'Born Liars', by Ian Leslie claims that all people are born liars and that around the age of four, children start to become more accomplished in the art of lying!
Dr Victoria Talwar, assistant professor of child psychology at McGill University in Montreal, had used the Peeking Game, a known experiment, to show the difference age makes to lying.
Young children, below the age of four usually lie to avoid punishment. But between the ages of three-and-a-half and four-and-a-half, they learn to lie with sophistication and skill. They are getting successful at understanding what the truth is, and yet think of an alternative story that would make sense and be believed by a hearer. They are becoming good jugglers - with the truth and their lies!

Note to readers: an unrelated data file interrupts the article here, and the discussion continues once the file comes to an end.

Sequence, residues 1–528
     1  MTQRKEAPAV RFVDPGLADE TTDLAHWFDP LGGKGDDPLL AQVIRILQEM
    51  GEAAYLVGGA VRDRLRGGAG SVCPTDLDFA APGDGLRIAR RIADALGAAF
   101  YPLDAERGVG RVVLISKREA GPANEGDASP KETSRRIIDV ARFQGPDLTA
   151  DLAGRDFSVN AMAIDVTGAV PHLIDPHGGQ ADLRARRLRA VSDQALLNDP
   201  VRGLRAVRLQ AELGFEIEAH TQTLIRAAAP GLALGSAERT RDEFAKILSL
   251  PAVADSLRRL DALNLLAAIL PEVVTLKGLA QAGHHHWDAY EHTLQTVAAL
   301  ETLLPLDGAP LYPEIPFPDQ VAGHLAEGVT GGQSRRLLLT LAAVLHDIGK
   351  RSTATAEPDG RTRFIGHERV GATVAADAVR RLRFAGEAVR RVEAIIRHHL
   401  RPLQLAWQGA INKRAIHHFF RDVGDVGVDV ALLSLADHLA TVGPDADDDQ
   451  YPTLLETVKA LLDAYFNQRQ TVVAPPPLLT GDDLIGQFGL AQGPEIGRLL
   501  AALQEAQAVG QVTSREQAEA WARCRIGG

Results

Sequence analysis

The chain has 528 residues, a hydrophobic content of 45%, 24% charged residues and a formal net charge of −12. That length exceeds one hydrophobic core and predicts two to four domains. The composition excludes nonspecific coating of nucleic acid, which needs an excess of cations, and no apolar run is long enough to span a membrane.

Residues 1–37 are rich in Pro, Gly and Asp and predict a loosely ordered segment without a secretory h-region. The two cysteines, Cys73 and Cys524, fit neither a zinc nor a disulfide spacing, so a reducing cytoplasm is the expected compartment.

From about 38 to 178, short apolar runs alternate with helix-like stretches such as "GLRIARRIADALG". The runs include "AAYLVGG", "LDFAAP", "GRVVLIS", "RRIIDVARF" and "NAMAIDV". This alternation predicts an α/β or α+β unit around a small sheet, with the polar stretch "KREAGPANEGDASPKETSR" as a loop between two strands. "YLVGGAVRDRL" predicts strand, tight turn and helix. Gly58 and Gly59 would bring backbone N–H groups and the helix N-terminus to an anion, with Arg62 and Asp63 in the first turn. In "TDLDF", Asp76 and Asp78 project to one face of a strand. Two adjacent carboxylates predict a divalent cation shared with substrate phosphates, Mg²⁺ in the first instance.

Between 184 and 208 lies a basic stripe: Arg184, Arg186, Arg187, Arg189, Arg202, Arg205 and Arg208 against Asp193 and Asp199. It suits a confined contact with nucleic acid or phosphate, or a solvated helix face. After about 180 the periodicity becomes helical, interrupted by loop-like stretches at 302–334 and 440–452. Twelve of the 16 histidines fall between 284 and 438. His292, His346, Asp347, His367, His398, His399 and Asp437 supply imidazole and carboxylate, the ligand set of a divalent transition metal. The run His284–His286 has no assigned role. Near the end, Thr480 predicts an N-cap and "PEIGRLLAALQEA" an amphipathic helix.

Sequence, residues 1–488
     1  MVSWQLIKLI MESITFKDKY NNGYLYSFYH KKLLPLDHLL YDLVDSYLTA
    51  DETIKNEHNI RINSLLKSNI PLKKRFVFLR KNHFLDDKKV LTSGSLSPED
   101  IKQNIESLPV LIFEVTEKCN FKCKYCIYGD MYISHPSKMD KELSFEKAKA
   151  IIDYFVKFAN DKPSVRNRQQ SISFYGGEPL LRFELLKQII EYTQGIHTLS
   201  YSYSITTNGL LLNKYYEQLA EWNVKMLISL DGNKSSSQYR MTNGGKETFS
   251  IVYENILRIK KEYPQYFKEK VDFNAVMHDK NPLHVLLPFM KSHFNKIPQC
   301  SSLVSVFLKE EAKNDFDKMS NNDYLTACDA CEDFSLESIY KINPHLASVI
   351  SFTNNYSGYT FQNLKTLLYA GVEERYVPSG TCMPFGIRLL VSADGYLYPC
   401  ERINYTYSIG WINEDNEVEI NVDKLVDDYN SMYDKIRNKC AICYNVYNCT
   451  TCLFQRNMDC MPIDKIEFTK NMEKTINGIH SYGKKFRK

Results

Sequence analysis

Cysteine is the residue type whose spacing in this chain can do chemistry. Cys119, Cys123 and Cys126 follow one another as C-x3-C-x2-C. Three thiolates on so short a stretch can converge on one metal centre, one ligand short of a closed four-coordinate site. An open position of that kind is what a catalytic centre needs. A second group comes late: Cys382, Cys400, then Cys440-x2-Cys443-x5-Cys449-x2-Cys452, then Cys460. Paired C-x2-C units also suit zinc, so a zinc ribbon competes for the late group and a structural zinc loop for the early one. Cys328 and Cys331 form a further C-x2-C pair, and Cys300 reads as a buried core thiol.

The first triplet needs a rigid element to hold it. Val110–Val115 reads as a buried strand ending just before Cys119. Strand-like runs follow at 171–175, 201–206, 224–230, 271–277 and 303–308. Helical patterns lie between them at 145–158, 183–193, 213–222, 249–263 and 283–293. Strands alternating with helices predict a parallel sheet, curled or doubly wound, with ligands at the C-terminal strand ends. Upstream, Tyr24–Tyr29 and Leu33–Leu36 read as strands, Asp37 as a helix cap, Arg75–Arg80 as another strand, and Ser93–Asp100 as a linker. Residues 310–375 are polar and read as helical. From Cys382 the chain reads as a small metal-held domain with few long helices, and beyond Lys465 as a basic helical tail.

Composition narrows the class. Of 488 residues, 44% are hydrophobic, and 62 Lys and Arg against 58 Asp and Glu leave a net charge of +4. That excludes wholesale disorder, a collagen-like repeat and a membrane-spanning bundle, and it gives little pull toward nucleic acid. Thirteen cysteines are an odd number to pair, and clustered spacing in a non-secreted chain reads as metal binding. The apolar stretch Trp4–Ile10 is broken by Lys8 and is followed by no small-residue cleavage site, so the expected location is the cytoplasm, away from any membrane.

Delighted at their own skills they indulge in their stories all the more. But once they get to know the threat their lying invites in loss of credibility and popularity among their peers and with their teachers, the habit of lying instinctively wanes off.
It is only when a child continues to lie persistently, even at an older age, it should cause concern, as it signals a deep-rooted problem that may persist into adulthood.